The human-centered approach to content starts with user needs. It uses research and data to discover what information people need in order to become and remain customers. Then, it chooses a container for the content by asking what the best way to deliver that information will be.
Why the human-centered approach wins
Your customers and potential customers are being flooded with content all day long. After the boom of content marketing, there is no shortage content on nearly every subject. People are exhausted, and all your customers really are answers to their questions, and help accomplishing their goals.
The only way to rise above digital clutter is by offering useful, usable, and meaningful content your users actually want.
And the way to figure out what they actually want is through user research and a content workflow that prioritizes user needs first. It’s why organizations like Google, Shopify, Dropbox, IBM, Dell, and others are hiring “content strategists” and “content designers” in droves.
How to be more human-centered with your content
As with most business opportunities, you have a few options. Do it yourself, hire an expert to do it for you, or hire an expert to teach you how to do it. Here are some tips on the best ways to do each one.
Do it yourself
Assess the content mess. If you already have content, you will likely want to start with analyzing content performance. You could also diagram your content workflow. Then, take the data and diagram to your decision makers and say, “look at this mess, let’s fix it with content strategy.”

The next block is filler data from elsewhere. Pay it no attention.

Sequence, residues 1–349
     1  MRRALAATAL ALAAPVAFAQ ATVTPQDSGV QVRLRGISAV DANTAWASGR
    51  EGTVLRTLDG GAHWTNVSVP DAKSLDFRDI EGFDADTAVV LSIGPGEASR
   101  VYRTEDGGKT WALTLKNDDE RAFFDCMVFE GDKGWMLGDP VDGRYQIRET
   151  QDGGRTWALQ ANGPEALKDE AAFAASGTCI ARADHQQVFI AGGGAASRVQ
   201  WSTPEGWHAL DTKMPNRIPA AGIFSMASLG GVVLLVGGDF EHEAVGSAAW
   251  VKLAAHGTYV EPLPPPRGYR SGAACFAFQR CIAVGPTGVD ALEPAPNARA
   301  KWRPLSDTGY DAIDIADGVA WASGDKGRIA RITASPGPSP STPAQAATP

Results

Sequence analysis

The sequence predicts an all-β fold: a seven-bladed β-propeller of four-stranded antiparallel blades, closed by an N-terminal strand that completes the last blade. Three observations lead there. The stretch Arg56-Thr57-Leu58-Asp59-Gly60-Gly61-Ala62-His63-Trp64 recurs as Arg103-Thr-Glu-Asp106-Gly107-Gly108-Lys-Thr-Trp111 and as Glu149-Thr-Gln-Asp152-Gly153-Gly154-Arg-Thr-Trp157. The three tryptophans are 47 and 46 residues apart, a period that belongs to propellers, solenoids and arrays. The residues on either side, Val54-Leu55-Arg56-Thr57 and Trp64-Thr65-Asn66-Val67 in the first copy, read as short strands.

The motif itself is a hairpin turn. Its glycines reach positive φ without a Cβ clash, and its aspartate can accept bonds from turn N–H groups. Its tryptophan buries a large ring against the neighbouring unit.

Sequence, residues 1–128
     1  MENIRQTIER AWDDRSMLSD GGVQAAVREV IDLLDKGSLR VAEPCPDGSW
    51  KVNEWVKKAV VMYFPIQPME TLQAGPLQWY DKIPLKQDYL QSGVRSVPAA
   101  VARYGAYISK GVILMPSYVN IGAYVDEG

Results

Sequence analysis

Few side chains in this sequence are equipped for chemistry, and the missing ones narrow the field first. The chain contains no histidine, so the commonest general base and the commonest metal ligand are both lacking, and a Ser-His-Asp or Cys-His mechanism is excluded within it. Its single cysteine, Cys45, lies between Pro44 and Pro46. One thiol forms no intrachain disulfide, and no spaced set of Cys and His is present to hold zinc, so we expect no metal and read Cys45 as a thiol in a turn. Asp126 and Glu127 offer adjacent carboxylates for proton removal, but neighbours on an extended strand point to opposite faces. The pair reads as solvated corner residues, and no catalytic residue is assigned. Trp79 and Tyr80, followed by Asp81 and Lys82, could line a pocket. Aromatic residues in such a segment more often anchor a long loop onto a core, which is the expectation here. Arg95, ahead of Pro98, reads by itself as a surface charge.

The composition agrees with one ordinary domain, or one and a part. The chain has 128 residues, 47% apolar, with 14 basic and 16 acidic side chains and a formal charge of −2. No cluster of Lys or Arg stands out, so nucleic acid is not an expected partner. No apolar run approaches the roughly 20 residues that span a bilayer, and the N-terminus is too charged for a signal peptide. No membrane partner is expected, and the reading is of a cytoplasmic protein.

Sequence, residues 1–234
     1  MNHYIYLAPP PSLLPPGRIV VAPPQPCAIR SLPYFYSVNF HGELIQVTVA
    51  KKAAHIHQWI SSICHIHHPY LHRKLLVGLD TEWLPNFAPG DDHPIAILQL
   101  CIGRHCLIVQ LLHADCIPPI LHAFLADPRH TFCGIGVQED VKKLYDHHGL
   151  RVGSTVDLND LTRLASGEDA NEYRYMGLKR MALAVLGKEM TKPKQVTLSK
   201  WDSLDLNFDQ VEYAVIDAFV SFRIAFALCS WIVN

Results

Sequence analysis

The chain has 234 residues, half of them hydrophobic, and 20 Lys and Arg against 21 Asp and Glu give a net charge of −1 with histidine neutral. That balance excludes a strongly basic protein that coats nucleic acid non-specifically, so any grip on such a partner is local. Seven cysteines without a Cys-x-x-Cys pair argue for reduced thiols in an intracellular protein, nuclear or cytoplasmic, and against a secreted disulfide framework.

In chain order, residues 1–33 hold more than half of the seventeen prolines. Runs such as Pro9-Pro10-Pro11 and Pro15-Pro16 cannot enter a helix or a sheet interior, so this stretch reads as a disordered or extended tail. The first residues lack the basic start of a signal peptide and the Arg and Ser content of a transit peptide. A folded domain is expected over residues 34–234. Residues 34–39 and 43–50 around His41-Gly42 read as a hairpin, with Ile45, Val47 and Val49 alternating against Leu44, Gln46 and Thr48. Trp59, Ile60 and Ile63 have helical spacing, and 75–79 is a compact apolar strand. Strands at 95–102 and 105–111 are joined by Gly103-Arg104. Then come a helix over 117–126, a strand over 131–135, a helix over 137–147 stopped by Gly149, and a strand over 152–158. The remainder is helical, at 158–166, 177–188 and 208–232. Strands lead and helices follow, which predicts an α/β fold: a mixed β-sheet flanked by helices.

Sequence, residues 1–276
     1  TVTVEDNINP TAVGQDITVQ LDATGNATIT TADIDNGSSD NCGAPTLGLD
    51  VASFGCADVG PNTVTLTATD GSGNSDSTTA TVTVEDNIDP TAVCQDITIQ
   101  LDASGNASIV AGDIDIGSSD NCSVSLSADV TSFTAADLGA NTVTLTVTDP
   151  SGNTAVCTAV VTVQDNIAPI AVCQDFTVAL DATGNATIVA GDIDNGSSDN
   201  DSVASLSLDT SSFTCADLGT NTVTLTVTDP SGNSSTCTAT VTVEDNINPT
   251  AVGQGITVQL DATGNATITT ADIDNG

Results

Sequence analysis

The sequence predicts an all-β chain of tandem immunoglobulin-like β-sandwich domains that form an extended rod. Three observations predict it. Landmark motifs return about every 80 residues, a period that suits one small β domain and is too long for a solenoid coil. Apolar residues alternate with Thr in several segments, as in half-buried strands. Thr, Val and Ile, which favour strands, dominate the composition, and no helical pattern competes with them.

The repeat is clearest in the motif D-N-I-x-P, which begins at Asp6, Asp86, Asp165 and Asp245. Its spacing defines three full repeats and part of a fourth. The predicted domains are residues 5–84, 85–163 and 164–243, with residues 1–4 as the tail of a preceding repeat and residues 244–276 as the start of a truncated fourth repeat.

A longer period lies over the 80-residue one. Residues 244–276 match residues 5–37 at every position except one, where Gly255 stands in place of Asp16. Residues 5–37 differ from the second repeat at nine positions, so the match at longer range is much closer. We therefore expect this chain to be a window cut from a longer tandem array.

Talk to some actual users. There are a lot of great books and articles about user research and user testing out there. Choose the user research methods that make sense for you and go do it. When in doubt, I suggest user interviews.
Prioritize content people actually need. After research, you should have a list of needs, wants, and tasks that are actually important to your users. Write those down and let your user’s requirements guide your content.
Get rid of content and processes that don’t work. If your research uncovered that you’ve got a ton of useless content, consider getting rid of it (unless it has some other tangible benefit, like SEO).
Create new processes for content. Content messes are often the result of people messes. How many people really need to have a say in your content? Streamline it. Create systems that ensure your human-centered priorities are maintained.
Find a content strategist
If you have the resources, bring in an expert. This could mean hiring a full-time content strategist, bringing in a consultant, or working with a small team.
Hiring an individual: there are some great content strategy communities to source talent from. I suggest connecting with the content strategy community directly instead of posting an ad to a large job board. Try the content strategy Facebook group or the Content + UX Slack group.
Hiring a team: well, obviously we’re going to say hire our team. 😊AVO agency is a specialized, boutique consultancy that helps organizations solve their content challenges and put users first. Contact us to get started. If nothing else, we can recommend the best solution for you.
In between: content strategy training
Find a consultant. The Facebook and Slack groups are also great places to start. We also offer in-person workshops and remote training sessions, too.